How the Utah Indoor Clean Air Act is combating smoking

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Utah recently passed the Utah Indoor Clean Air Act (UICAA).  The law prohibits smoking and electronic cigarette use in all enclosed indoor places of public access, prohibits smoking and vaping within 25 feet of any entranceway, exit, open window, or air intake of a building where smoking is prohibited.  Furthermore, the law requires businesses to place signs at all entrances or in a position that is clearly visible near the entrance.  

The Utah Indoor Clean Air Act addresses the dangers of secondhand smoke. Secondhand smoke comes from burning cigarettes, and from the smoke that people breathe out when they are smoking.  There is no safe level of secondhand smoke, and even brief exposure to it can be dangerous.  Secondhand smoke contains over 4,000 chemicals—50 of which are known to cause cancer.  It can also lead to heart disease, lung cancer, and many other health-related problems.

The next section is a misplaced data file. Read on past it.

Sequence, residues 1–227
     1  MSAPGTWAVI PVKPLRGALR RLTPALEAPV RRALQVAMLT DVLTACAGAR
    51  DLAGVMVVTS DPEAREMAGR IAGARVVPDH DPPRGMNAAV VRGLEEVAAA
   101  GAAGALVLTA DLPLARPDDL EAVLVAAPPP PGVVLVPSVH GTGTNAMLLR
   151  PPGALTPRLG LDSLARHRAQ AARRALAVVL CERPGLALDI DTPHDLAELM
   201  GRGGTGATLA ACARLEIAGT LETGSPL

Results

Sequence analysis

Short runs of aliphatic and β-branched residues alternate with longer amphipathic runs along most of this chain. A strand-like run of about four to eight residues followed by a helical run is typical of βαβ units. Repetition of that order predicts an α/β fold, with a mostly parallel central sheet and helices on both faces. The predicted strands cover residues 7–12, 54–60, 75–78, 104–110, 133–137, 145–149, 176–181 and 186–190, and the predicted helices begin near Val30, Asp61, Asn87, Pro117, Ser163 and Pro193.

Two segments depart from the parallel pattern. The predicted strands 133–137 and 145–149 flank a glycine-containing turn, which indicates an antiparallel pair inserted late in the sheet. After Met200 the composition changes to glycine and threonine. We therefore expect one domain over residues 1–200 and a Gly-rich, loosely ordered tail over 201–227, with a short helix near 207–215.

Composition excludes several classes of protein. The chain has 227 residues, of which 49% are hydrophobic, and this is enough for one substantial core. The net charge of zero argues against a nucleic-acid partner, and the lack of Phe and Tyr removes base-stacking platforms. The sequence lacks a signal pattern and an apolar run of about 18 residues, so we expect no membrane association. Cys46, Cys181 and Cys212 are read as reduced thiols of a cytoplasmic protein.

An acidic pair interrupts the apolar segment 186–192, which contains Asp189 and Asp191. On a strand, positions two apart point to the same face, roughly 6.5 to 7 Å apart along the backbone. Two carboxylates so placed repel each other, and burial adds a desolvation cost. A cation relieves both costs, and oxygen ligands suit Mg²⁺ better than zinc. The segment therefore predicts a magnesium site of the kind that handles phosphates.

From a business owner’s perspective, enforcement of this law is important for employee health and productivity, but also because associations, corporations, etc. who violate lawful orders of a health department can be subject to a civil penalty of up to $10,000 per occurrence, and misdemeanor criminal charges. It is the responsibility of the business or establishment to enforce the Utah Indoor Clean Air Act, it is not enforced by the police.

If you need free Clean Air Act signs for your business, or if you need to report a violation of the Clean Air Act or you can visit

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